A poem on the six pagodas:

“The setting sun behind the
Western hill glows,
And towards the East Sea
The Qiantang River flows.
You can enjoy an endless sight
By ascending to a greater height .”


Tea is big in Hangzhou a fact that can’t be ignored because the mountains surrounding Hangzhou are filled with tea fields. Hangzhou is renowned for its green tea known as Longqing or Dragon Well Greeen Tea so renowned that Hangzhou produces a fifth of China’s total output of tea !


Near to Hangzhou is Meijiezue village an hour’s bus ride away. It’s a Longqing Tea village and you’re free to stroll through the tea fields up the mountain slopes which we did.


If you’re interest in reading up on the history of tea in China which goes back some 5000 years check out:

Lu Yu’s “Classic of Tea” (8th century A.D.)
Emperor Shen Nong’s text “Shen Nong Herbal”
Laoshe “ Tea house”
Jiaoran “ An ode to tea drinking.”

Relationship between foreigners and the Chinese

The overall impression of the Chinese people we’ve encountered in our travels in Beijing, Shanghai, and Hangzhou, is that they are mostly warm, friendly and affable.

The staff at our Beijing guest house and at the Hangzhou guest house where we stayed were just that and very hospitable.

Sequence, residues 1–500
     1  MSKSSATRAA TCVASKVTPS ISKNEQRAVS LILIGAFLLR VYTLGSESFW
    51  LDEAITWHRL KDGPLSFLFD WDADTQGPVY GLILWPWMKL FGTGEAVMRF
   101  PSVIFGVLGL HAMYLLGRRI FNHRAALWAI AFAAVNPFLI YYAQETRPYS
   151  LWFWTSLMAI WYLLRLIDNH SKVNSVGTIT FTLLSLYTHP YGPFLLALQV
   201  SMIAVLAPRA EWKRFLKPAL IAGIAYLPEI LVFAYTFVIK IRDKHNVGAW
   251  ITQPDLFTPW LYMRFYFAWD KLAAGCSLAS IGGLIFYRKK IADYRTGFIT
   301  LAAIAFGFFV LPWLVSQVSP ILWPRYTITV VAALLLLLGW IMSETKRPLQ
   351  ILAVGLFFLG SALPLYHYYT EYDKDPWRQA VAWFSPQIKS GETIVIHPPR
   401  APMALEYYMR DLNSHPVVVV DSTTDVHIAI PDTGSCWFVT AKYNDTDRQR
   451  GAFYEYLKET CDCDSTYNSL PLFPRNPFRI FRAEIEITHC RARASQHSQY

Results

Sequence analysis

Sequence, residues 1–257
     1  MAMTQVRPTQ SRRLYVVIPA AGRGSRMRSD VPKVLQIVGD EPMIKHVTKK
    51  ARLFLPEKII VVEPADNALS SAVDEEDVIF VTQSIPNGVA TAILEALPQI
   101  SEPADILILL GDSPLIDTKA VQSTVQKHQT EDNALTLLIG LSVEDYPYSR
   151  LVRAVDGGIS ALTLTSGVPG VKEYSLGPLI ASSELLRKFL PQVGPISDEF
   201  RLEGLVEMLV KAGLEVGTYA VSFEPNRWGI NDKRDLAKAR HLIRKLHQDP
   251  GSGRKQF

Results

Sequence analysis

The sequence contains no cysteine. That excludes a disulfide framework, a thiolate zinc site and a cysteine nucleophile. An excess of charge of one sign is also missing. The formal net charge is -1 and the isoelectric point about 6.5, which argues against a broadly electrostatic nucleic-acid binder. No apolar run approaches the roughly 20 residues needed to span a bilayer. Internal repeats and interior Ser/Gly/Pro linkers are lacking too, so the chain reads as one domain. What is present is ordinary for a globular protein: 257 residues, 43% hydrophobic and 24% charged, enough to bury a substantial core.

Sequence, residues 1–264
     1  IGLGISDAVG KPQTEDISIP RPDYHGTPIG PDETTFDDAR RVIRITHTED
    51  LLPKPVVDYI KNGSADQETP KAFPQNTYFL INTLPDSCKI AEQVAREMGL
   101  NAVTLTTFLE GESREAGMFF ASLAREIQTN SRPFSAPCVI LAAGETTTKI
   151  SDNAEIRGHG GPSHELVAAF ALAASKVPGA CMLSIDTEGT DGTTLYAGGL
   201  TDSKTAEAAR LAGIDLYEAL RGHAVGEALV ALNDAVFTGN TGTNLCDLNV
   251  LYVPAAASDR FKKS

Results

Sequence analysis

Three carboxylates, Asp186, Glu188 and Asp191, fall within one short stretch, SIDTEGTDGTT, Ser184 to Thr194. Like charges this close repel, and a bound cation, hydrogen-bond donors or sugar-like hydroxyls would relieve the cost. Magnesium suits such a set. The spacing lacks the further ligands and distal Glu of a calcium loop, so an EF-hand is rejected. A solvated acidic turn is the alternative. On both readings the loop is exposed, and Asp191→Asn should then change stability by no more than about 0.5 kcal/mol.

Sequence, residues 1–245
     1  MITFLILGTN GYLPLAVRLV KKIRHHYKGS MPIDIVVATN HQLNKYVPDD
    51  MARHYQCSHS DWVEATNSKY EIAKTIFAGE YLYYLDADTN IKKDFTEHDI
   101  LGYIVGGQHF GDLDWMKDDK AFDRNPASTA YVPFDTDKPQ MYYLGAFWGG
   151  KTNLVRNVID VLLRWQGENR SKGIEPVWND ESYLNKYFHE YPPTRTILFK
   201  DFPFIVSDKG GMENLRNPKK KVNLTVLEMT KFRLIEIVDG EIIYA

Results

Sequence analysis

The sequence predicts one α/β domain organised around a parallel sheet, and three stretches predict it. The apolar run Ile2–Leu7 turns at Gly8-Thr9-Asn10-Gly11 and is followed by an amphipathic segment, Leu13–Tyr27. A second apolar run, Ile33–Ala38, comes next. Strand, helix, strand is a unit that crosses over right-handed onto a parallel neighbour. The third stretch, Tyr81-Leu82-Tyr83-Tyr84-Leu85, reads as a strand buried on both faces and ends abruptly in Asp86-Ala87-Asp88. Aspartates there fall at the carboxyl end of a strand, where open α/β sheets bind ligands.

Of course our relationship is a business one we’re paying guests and they are our hosts but despite this I genuinely felt that they were not being artificial and that they weren't simply pulling their marketing smiles.

I can’t agree with some people I’ve met who’ve travelled to China who’ve said that the Chinese are hard people conjuring up an image of them as somewhat insensitive or lacking warmth.

Of course, we’ve met some Chinese people who’ve given us a frosty welcome such as the staff at Mingtown guest house in Shanghai but the number of friendly Chinese we met outnumbered those who were unfriendly.

I recall the local grocery stall owner next door to the Mingtown guest house who was all welcoming smiles and hellos whenever we passed him and more than wiling to pass the time and day with us despite our smattering of Chinese an his smattering of English !

There was also the brief encounter at refreshment area with a Chinese gentleman who asked us where we from and who made us feel welcome with his smile and warm exchange despite the language barrier.